The Money Diet, week 9: The profitable plateau

I'm not going to even pretend to be optimistic about how things have been going on my Money Diet this week, and yet, I'm not pessimistic -- hey, at least I'm not gaining weight! I'm just not losing it either. One reader commented after last week's post that maybe I'm gaining muscle, which weighs more than fat. Hmmm. I like that. I'm going to go with that.

So let's just get the weight out of the way, then we can move on.

My weight when I began: 264
My weight last week: 247
My weight this week: 247

For those who don't know what I'm talking about and wonder why I would put my weight down in print (Is he drunk? Did he lose a bet?), this is week nine of the Money Diet. As some regular readers of WalletPop are aware, on January 1 I drew a line in my piece of pie and declared: "This is it. I'm finally going to lose weight."

And I did. At first, anyway.

My gimmick is that I'm adding up all the money I'm not spending when I get a hankering for junk food or snack food but I don't buy it. By doing that, I've managed to not eat quite a bit of food and to save quite a bit of money, (though my savings are somewhat offset when I replace the junk food with a healthier snack, like a fiber bar or nonfat yogurt).

In any case, the diet has worked, somewhat. I'm sure giving up sugary soda is part of the reason I lost 11 pounds in the first week. Ever since, though, I've been lucky to lose a pound a week, and some weeks, nothing at all. But maybe that's because I've gained muscle.

If that is the reason, I clearly need to gain even more muscle -- and fast -- if I don't want to be humiliated once again in front of my wife and daughters. A few days ago, after dinner, we were all discussing my diet when my six-year-old daughter, Lorelei, announced that she was going to show me how to exercise. Suddenly, we're both on the floor, and she's showing me how to do sit-ups.

"But I know how to do sit-ups," I protested, gasping between breaths.

Isabelle, my 8-year-old, looked at me, dubious. "Are you sure?"

"Very funny. If I ever get up, I'm going to have to chase you."

"You won't have the breath," Isabelle countered.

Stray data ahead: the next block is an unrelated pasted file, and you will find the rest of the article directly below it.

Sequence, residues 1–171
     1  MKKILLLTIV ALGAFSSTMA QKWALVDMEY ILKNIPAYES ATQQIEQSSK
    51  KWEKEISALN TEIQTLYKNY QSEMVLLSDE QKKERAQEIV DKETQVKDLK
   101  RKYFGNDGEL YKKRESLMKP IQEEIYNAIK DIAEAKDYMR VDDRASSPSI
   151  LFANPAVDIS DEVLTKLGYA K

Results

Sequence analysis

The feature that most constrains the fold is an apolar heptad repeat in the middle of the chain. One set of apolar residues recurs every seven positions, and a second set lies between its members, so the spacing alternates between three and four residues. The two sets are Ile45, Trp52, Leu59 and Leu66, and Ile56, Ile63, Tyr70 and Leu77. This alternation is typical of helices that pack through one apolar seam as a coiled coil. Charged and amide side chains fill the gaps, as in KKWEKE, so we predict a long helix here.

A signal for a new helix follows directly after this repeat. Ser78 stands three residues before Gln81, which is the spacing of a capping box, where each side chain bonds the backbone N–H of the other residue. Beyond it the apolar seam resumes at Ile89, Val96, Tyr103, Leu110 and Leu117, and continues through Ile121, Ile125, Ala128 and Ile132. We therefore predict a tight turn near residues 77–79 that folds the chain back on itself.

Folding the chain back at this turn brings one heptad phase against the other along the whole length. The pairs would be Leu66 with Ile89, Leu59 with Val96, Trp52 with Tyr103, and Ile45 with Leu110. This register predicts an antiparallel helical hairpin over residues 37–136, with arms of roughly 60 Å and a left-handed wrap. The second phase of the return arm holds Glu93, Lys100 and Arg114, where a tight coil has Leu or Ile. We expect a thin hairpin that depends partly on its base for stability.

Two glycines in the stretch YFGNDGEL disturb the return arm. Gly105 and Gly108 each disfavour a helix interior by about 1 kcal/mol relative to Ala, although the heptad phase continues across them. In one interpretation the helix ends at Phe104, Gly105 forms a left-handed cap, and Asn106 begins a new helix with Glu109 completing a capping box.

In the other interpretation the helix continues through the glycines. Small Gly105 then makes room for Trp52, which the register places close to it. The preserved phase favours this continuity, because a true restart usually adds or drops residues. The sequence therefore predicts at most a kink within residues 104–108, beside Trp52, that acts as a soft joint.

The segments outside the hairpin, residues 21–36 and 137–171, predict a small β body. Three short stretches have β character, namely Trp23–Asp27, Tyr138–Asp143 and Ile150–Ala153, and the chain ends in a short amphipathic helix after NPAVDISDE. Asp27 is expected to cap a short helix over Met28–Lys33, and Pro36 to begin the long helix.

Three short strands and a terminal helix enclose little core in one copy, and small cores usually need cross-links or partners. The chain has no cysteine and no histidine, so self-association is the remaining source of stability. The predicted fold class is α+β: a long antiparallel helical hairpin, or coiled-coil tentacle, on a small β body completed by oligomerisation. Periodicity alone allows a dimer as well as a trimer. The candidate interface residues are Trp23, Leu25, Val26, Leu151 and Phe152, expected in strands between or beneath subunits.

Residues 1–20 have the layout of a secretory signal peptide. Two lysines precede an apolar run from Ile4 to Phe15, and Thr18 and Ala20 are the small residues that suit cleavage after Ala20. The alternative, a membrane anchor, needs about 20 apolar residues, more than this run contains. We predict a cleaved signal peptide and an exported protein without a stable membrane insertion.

"Now we're going to do jumping jacks," Lorelei announced, leaping to her feet.

I staggered to my feet, and we went through the paces of maybe 10 jumping jacks, which, sadly, were enough for me.

Then she wanted to do push-ups.

Dear God, no, I thought.

But I couldn't say no, of course. No to a pony or staying up past midnight, that would be easy. If she had asked me if she could watch a scary movie or climb onto the roof, I would have had a case. But how do you say "No, thanks" when your daughter asks if you'll do push-ups with her?

Of course, I could have chosen that moment to say "Hey, I hear the telephone" or something along those lines and excuse myself, but no such luck. I wasn't thinking fast enough.

The last time I did a push-up was probably at least three presidential terms ago, and so I looked at the floor, wondering if this was going to be anything like that scene in Stripes, the 1981 comedy where Bill Murray's character feebly attempts some push-ups in his apartment and then, realizing how out of shape he is and how pathetic his life has become, winds up enlisting in the Army.

Still, I dutifully descended to the floor, and as Lorelei did her push-ups, so did I.

My first push-up went pretty well, so I did a second, suddenly brimming with confidence. But then reality caught up with me, and I did my third push-up gasping, my arms wobbling and my body floundering. Then I crashed into the carpet. And just kind of lay there.

"Mommy, is Dad okay?" Isabelle asked.

"I often wonder that myself," she said. "I mean, yes, he's fine."

So I've plateaued, but I'm at least still earning money. In fact, I'd say a lot of money this week, because there were so many times I wanted to pick up some junk food or fast food but didn't. So here we go. As I do every week, this is what I think I've saved:

  • Every week, I start with this. I still haven't bought my bag of my favorite pretzels, which I used to scarf down within about 24 hours. Actually, it was two bags, since if I bought one I would get a second one for free. But that's becoming a distant memory, or it would if my kids would just stop saying, "Do you miss your pretzels?" and calling me "Pretzel Man." I think your kids nicknaming you after your favorite snack food is probably a good sign you have a problem. Actual savings: $3.29.
  • I drove past several fast-food outlets this week, considered dropping in on some favorites but didn't. Estimated savings, and I'm going to give myself a little more than I usually do: $10.
  • Still haven't stolen any of my wife's soda supply. Estimated savings: $3.50.
  • Did some grocery shopping. Stared longingly at a bag of Doritos, wondering if they missed me half as much as I missed them. They were on sale, so I didn't save much, but it was still a good move to pass them by. Actual savings: $2.32.
  • Looked at several other snack items at the grocery store. I'll guess I saved at least a few more bucks by not picking up, say, reduced fat cookies or regular cookies, for that matter. Estimated savings: a few more bucks.
  • I usually snack at night -- though at least I'm sticking with low-calorie, no sugar cereal and nonfat yogurt -- but I skipped one night and decided that for every night I skip, I should throw $2 into what I figure I'm saving. I got excited, thinking that would motivate me to skip more evening snacks, but, you know, two bucks isn't much, and, well, I just skipped one evening. Estimated savings: $2.
That probably does it. I may not be getting thinner, but at least my wallet's getting fatter.

My total saved this week: $24.11
Total saved this year so far: $215.53

Geoff Williams is a frequent contributor to WalletPop. He is also the co-author of the new book Living Well with Bad Credit.

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